Valentine’s Day For Overachievers

I know it’s come and gone, but I didn’t forget about Valentine’s Day; I just haven’t gotten my thoughts together about this before now.  I hope you will forgive me.

Let’s say, for the sake of hypothesis, that you’re a culinary school graduate.  Let’s also say that you have a perfectionist streak about a mile wide, and a moderately overachieving nature that infuses you with the urge to constantly trump your own culinary efforts.  Lastly, let’s say you’re unemployed.  With aaaaaaall the time in the world.

With that framework in mind – all purely hypothetical, of course – you might better understand the dinner that I presented to my sweetheart this last Valentine’s Day.  Yes, I’m fully aware that normal people do not cook like this.  Ahem.

The inspiration for the whole menu began with a most unusual ice cream recipe.  If there’s one word for the type of food that can win over my sweetheart, it’s “unusual”.  That, combined with his love of desserts and sweets in general, meant that when I saw a recipe for a pretty gray (yes, gray!) ice cream made with soft European licorice candy, I had to serve it.

I find unusual ice creams, like this one, are a bit… well, strange if served alone, even boring.  But pair that anise-scented licorice ice cream with cumin, lemon, clove, cardamom, and ginger, and now you’ve got something interesting going on.

Armed with those flavors and little else, I solicited drink pairing recommendations from my new favorite spirits boutique.  The immediate and unhesitant suggestion – a rare and spiced Italian beer – may have scared some off, but I knew my ale-loving sweetheart would surely appreciate it, especially if it paired as well as the shopkeeper insinuated it would.  The large bottle (750 mL) meant that this beer would have to pair with the entrée as well, if either of us wanted to be at all useful the next day.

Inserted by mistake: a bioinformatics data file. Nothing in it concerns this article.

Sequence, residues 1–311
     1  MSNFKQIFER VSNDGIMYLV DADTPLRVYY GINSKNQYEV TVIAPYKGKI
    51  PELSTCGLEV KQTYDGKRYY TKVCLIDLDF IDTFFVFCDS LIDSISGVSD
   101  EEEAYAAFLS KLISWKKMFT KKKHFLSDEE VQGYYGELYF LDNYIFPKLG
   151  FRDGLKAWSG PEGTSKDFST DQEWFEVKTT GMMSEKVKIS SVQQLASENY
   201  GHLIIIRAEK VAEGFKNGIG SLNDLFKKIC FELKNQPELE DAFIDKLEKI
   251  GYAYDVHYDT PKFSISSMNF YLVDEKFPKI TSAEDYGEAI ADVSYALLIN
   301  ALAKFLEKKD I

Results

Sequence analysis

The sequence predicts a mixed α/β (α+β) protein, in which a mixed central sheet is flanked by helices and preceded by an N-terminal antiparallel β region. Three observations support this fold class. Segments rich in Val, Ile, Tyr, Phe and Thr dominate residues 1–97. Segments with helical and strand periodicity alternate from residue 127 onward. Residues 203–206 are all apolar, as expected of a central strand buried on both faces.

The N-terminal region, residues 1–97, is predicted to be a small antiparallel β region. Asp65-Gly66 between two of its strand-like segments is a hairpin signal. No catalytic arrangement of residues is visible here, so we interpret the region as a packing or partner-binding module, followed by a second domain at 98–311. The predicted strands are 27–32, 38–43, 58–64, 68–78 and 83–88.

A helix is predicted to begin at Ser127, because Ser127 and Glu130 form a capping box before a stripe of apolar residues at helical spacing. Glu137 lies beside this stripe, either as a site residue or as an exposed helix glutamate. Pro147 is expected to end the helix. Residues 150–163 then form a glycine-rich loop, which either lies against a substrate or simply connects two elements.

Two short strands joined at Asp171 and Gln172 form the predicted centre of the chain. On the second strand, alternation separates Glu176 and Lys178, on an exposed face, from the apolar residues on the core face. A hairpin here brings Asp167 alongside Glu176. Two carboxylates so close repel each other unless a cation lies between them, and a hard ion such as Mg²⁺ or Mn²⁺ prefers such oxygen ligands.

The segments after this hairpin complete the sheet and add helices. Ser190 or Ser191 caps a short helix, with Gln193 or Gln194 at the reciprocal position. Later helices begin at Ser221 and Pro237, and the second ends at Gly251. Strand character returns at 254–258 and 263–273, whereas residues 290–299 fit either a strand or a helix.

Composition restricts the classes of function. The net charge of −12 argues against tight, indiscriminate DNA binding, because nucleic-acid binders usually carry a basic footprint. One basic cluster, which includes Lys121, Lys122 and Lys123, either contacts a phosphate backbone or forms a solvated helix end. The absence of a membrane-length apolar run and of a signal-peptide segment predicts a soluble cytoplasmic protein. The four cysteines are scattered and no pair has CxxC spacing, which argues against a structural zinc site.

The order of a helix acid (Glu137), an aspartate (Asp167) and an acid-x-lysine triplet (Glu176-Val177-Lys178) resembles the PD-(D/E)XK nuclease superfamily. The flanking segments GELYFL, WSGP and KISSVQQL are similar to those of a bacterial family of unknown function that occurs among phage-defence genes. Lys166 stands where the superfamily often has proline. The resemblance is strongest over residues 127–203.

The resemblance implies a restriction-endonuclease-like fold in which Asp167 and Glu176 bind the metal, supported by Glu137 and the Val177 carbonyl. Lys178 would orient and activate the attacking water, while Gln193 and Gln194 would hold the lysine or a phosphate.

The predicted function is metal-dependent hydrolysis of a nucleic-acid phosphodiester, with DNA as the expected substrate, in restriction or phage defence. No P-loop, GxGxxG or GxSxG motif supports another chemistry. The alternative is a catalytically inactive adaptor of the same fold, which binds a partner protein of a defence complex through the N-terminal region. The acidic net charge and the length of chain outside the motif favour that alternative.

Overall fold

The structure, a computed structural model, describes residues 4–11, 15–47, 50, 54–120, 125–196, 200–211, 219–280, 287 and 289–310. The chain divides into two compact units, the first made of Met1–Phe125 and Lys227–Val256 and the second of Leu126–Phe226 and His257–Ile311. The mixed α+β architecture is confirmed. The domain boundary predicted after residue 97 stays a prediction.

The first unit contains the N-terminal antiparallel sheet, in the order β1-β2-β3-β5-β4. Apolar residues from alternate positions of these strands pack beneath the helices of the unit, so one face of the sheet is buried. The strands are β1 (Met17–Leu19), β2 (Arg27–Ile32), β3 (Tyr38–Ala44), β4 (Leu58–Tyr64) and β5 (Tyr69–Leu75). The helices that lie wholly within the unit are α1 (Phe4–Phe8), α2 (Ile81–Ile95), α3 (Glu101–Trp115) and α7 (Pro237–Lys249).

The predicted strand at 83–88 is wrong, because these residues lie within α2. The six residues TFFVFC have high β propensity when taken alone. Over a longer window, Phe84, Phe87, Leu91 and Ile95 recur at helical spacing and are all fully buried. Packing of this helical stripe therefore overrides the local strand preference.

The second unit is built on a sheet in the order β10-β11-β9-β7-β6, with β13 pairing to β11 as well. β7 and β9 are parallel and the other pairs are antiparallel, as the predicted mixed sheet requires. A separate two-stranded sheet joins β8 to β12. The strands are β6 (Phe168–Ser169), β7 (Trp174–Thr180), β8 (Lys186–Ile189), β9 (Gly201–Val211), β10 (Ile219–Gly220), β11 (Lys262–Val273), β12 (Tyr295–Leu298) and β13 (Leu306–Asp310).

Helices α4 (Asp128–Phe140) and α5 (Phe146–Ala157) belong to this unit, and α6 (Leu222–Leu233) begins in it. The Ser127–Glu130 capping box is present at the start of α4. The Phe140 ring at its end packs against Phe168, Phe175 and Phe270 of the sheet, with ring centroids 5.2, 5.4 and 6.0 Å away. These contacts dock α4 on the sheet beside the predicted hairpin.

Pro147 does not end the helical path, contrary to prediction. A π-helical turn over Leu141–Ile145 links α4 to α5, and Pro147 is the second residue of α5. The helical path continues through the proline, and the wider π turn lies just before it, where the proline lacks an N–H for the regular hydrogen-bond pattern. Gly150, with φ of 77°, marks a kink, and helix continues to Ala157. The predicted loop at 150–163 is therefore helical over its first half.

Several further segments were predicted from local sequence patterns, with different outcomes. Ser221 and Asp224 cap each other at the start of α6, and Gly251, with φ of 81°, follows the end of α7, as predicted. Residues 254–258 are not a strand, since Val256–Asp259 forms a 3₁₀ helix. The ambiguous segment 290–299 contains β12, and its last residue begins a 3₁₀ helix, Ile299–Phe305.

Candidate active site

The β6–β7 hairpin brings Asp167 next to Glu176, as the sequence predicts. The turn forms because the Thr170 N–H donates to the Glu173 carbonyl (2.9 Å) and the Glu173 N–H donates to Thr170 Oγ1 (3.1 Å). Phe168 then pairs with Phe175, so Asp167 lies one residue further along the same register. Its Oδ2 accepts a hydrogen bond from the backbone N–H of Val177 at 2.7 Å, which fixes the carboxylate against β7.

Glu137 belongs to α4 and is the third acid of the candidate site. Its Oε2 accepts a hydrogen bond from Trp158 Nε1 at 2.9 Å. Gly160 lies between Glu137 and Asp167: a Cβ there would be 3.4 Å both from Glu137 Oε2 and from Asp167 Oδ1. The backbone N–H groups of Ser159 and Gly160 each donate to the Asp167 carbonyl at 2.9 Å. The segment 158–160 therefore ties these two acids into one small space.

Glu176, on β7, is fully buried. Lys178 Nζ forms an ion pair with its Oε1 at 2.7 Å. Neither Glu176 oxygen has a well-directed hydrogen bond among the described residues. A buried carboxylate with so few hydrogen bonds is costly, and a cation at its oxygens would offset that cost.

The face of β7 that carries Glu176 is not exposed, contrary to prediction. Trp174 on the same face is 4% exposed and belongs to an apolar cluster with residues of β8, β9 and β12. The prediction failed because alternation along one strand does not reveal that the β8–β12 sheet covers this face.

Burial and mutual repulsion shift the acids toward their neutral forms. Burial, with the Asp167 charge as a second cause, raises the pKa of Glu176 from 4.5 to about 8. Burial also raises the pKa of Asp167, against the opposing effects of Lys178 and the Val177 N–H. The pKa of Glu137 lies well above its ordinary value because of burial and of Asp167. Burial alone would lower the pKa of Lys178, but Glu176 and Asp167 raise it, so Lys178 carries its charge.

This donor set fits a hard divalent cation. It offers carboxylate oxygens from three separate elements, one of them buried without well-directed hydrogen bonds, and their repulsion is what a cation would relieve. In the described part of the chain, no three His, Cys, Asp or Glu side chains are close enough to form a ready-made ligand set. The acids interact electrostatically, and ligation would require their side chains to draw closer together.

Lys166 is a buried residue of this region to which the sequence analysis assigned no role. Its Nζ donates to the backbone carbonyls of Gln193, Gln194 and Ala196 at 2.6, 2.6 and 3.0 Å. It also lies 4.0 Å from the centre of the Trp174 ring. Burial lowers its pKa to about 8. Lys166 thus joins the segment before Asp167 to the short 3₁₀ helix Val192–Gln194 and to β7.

The amber ale, flavored with “anise, pepper, tandori [sic], and curry”, dictated an Indian-spiced dish, and a modest request for seafood narrowed my focus to a manageable level.  From there, an appetizer with softer flavors suggested itself; paired with an appropriate cocktail, I had the menu set.

The evening started off gently, with the subtlety of amberjack sashimi lightly dressed with a mignonette-inspired mélange of red grapefruit, cucumber, shallot, and rosé Champagne vinegar.  Fried garlic and ginger (giving a nod to the pickled ginger typically served with sushi) provided a contrasting crunch, and were used sparingly enough to not overwhelm the other delicate flavors.

This immodest dish of blushing pink and naked flesh was served with a cocktail that recalled the flavors on the plate, mixing red grapefruit juice with cucumber-infused Hendrick’s gin.  Rose water and lime lent a Persian air, beckoning the palate to follow along to the exotic flavors of the entrée.  The drink was well-balanced, tending towards sweet, a refreshing counterpoint to the sharp acidity of the topping on the supple fish.

Spices colored the second course, both figuratively and literally.  Turmeric and cayenne tinted the ivory of a thick piece of cod with a golden hue, while hints of cumin and black pepper warmed the blood and chased away any chill that crept in from outside the windows.  This sunny gem was decorously wrapped with a layer of grape leaves, in modest contrast to the first course.  Peeling back the leaves, crisped in the heat of an oven, the provocative scents wafted up as the fish was undressed.  A thick raita brought mustard seed, garlic, and lemon along with the creamy tang of yogurt.

On the side, minted smashed peas added a cheeky reference to Britain’s tangled history with India, while brightening the plate with a vibrant green color and flavor.  Shaved fennel, lightly tossed with olive oil and lemon juice, gave sharpness and crunch, and offered faint suggestion of the dessert course to follow.

The pièce de résistance, a licorice ice cream parfait, was simple in concept: a tuile cylinder surrounding scoops of ice cream, interlaced with a caramel syrup and toasted nuts.  But of course, the flavors weren’t so simple.  The ice cream was flavored generously with the aforementioned licorice candy and with Herbsaint (an anise-flavored liquor), while the tuile crunched with lemon zest and the smoke of cumin.  The caramel syrup was heady with cardamom, clove, ginger, and pepper; and the earthy almonds and walnuts were coated with bright allspice and a touch of cayenne.